Monday, 10 January 2011

Sic Alps – Napa Asylum (Drag City)

After Brian Jonestown Massacre and Dig! and everyone thinking ‘That was totally relevant and changed the face of re-hashed sixties garage pop forever!’, I’m sure music fans wondered if we’d be spared anymore lo-fi whiney hipster indie posing as something far more interesting. Then the Black Keys happened and managed to fool people into thinking it was possible to release a record which evoked old time rock and roll whilst being vital in the new millennia. Sic Alps are not the Black Keys. They have, since their rise to (somewhat) fame in 2009 been making waves in circles of people who wear skin tight flares and read Shindig/ smoke crack and pretend not to read Vice. But outside of revivalists and trend seekers, I can’t see TWENTY-TWO track album Napa Asylum making any waves. It is indulgent, pretentious, ridiculously, needlessly, long, and sounds like a slightly less-good version of any number of other things: Ariel Pink if they were less weird and fun, Thee Oh Sees if they weren’t Pink and Brown with a fuzzy sixties vibe...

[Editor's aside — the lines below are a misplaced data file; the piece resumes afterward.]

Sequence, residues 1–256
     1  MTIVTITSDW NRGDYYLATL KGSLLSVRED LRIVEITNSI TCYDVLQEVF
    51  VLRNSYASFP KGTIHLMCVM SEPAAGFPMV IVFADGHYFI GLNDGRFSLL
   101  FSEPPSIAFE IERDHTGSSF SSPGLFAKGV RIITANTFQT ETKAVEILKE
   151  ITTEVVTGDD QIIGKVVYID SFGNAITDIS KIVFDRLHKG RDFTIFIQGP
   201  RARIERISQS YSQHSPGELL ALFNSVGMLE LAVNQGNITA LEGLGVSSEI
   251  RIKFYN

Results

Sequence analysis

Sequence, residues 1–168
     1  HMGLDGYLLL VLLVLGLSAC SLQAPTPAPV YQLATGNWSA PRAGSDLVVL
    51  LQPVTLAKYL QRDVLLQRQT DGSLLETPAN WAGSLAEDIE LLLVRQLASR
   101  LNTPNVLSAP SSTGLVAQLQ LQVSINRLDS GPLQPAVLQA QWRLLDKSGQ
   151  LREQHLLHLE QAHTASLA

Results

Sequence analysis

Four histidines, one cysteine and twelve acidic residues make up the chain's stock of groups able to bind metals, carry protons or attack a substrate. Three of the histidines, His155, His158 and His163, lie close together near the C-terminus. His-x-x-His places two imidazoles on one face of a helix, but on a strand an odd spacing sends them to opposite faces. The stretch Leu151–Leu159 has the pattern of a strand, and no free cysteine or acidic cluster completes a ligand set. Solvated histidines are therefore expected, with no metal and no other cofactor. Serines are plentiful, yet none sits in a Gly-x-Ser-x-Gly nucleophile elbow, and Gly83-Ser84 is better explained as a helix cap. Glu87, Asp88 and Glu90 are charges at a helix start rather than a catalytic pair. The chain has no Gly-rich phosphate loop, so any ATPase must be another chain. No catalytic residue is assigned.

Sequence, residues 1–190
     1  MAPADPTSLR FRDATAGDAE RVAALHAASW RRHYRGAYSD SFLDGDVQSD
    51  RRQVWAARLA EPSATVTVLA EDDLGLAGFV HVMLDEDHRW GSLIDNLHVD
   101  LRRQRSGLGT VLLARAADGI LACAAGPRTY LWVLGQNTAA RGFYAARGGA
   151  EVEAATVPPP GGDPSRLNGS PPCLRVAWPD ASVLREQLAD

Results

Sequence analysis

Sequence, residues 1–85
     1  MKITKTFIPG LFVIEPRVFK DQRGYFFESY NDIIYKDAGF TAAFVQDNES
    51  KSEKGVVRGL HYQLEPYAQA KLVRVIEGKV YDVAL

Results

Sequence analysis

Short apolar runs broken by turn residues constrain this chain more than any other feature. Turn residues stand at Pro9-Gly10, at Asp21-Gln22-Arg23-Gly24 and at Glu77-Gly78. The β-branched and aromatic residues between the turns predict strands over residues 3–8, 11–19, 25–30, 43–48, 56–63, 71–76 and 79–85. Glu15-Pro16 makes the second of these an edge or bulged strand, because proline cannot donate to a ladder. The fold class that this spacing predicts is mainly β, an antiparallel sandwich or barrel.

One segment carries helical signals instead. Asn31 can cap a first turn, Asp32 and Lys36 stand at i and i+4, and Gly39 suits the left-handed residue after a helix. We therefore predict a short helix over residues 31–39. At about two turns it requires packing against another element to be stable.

If this album was ten tracks long, I might have found myself wanting to give it a little more credit. On Trip Train they manage to jam themselves into a noise band, and for a couple of minutes Napa Asylum gets fun. The general dirge of the album peaks in a few other places including airy summertime pop hits Cement Surfboard and Ball of Fame. Meter Man is Beatles-style nonsensical psych-rock that Las and Dums its way into your heart momentarily, and Occult Display has a rich authenticity the rest of the album seems to fall short of. But these are lost amongst the tirade of pastiche you have to wade through like lumpy custard that’s been lying around since 1966. Final track Nathan Livingston Maddox was my favourite, but that might have been purely because I’d had to sit through twenty-one other tracks of ‘so fucking fragile and indie my voice might crack in a minute’ vocals and the last track was a sweet release similar to the end of a school day, or trip to Dignitas. If you have got this far and are still intrigued to hear Napa Asylum, why not try their 2008 release U.S. EZ first, it is a more concise, enjoyable, and fundamentally shorter release.

Words : Maya Boustany

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